Opened for service in 1914, the Benalla – Tatong Railway was a broad guage railway which served the region between Mansfield and Benalla until its closure in 1947.
Above: The first train in 1914, and below: the station site in 2012
The railway had the following stations, travelling from Benalla:
- Benalla – the junction with the North East mainline
“Tatong Railway Line. BENALLA, Saturday. When Mr. McPherson was at Tatong Mr. D.H. Coghill mentioned the construction rate which had to be paid in connection with the Tatong railway line. He said that it entailed a hardship on the landowners. It was unjust, as no such rate had to be paid on the suburban and many of the earlier construction lines.Mr. McPherson said that the landowners had asked for the railway, and entered into a definite bargain with the Government. The Government did not expect them to repudiate that agreement.” (http://trove.nla.gov.au/ndp/del/article/1893878 – 30th April 1923, The Argus, Melbourne, Vic.)
One of the freights that were shipped on the line was timber. A tramway was already in the area, and was being used to extract timber from the mountains around Tatong. In Tatong in January 2012 there was a replica of the log hauling trucks used to transport timber along the tramway.
Above: Replica of log truck on display in Tatong township.
“A TOOMBULLUP ENTERPRISE
Messrs. Hill and McPherson, who have already constructed about six miles of wooden tramway, with 5in x 3in rails, are about to extend it by another two miles by laying a mile at each end – the one to tap timber and bring it to the mill depot, while the other mile will be towards Tiger Hill, thus avoiding a very bad road, and enabling the timber to be got out during the spring months. If the railway is made from Benalla to Dodd’s Crossing, the tramway will be extended further back towards Tolmie, so as to enable the farmers to make use [of it] and get their produce down to the [Railway]” (Benalla Standard, Friday July 9, 1909).
In the 1920s, a time of widespread economic depression worldwide, the Tatong and Lima railway stations lost their caretakers, and there was a deputation to the Commissioner for Railways regarding that and other issues local people faced in relation to the railway.
“TATONG RAILWAY SERVICE. Protests against the reduction of travelling facilities on the branch railway line between Benalla and Tatong were made to the Minister for Railways (Mr. Tunnecliffe) in a deputation from the Tatong district yesterday. The deputation objected to the decision of the Railways Commissioners to withdraw the women acting as caretakers at the Tatong and Lima stations. It was also contended that the existing train days on the line Monday and Friday were unsuitable, and that the time-table provided was unsatisfactory.Mr Tunnecliffe, in reply, said that the financial position of the department was so unsatisfactory that the commissioners had no option but to withdraw the caretakers on the line. He promised to discuss the proposed service alterations with the commissioners.” (http://trove.nla.gov.au/ndp/del/article/3899449 – Thursday 27th December, 1927, The Argus, Melbourne, Vic).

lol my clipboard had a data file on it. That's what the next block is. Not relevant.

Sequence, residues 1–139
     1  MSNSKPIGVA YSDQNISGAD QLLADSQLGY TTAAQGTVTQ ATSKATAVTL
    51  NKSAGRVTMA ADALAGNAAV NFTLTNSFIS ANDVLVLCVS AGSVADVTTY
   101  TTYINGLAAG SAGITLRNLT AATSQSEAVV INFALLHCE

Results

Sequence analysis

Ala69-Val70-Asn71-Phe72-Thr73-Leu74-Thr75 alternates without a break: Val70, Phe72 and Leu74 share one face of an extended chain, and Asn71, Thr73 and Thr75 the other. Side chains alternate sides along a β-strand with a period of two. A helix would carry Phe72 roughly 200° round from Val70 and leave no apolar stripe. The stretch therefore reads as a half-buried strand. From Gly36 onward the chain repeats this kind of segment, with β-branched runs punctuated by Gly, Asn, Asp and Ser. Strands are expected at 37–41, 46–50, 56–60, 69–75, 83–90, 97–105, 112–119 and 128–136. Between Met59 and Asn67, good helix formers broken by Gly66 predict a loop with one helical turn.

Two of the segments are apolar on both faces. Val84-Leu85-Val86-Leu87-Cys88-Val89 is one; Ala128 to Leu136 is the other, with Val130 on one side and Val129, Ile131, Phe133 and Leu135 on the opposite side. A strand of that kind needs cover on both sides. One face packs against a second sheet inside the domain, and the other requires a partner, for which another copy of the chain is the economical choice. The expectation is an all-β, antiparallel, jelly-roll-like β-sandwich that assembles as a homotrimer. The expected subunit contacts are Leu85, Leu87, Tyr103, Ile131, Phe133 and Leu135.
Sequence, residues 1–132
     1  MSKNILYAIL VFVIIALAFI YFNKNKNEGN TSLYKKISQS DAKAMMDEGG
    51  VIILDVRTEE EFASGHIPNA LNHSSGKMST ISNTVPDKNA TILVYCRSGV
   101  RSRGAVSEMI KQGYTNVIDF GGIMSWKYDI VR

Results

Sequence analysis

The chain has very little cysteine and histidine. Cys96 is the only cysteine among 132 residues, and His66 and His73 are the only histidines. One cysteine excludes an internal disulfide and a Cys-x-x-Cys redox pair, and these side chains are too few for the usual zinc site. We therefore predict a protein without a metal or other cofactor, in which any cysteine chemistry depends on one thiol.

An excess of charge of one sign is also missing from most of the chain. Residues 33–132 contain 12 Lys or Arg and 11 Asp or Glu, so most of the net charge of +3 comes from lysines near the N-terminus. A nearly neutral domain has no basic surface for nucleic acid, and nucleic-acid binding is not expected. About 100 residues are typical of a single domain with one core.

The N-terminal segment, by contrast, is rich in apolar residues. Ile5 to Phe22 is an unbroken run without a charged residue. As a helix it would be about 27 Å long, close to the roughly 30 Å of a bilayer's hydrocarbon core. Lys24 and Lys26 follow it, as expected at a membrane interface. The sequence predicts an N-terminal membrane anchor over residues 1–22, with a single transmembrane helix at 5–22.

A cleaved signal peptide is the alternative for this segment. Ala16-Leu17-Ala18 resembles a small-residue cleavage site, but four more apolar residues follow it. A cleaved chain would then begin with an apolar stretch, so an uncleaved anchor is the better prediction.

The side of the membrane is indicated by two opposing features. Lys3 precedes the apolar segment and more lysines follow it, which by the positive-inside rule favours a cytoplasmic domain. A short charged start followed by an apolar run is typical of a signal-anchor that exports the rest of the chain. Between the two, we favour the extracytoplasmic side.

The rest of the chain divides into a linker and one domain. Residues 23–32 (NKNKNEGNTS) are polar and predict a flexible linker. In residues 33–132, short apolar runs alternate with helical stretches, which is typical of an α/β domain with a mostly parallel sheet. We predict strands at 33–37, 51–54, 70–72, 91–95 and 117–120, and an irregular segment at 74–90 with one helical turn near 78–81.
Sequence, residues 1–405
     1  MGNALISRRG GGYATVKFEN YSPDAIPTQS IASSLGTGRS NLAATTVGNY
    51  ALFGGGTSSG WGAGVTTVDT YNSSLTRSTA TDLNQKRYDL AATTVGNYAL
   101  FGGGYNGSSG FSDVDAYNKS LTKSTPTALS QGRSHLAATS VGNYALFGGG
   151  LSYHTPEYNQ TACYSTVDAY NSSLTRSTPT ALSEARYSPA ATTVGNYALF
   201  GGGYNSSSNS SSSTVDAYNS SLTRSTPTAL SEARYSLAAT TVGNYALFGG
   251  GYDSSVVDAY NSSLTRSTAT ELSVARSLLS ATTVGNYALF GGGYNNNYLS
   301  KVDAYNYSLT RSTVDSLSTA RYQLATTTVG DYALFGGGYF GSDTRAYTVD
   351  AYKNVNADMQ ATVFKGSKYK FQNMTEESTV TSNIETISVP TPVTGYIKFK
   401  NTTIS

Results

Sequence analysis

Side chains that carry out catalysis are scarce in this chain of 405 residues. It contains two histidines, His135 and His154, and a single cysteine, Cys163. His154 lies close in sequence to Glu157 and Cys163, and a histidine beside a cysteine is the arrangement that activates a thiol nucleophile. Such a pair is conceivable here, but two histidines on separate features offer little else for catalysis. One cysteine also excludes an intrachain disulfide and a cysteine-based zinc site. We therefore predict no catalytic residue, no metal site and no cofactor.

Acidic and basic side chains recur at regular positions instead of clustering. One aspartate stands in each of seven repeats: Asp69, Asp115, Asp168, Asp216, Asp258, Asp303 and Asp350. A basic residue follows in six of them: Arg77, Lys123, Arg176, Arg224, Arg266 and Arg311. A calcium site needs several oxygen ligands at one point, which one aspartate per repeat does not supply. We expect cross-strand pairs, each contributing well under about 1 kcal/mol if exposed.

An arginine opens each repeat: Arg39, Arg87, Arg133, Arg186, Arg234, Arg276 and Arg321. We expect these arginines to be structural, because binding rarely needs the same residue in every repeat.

In the 1940s, the last decade of operation of the railway, there was also other freight that had the potential to be shipped using the railway. Evidently the service had been cut back to a once a fortnight service some time before. And as a result some potential railway customers were forced to use road transport to transport their goods instead of the railway.
“TATONG LINE Weekly Service Sought
Government to consider positionCr. F. A. Cook, M.L.A. advised the Benalla Shire Council on Monday that the time for which the Government had extended the rail service on the Tatong line had almost expired, and that unless something was done the Government might close the line down.
The Commissioners, Cr. Cook stated, regarded the line as non-paying, and were anxious to stop the service, but in response to representations which had been made the Government had agreed to repay to the Commissioners any loss on the line and the service, as a result, had been extended for a period on a fortnightly service. When he last made representations shortly before the elections, the Minister had declined to take any action which might commit and incoming government, but now that the Dunstan Government had been returned the matter would probably come before Cabinet again.
He moved that in view of the prospects of future development on the district served by the Tatong line, and particularly of the Tatong and Toombullup districts, the service on the line be not only continued, but that a weekly service be provided.
Seconding the motion, Cr. Harrison stated that when he had asked men why they did not use the line more he was told that potato growers could not wait for a fortnight to send their produce by rail, so that they had to use road transport. Traffic was falling off because there was only a fortnightly train, but if the weekly service was provided the traffic would be doubled.
The motion was carried, and Cr. Cook agreed to put the case before the Minister.” (Benalla Standard, Thursday 17th June, 1943).
More photos are available in the Tatong Railway Photo Gallery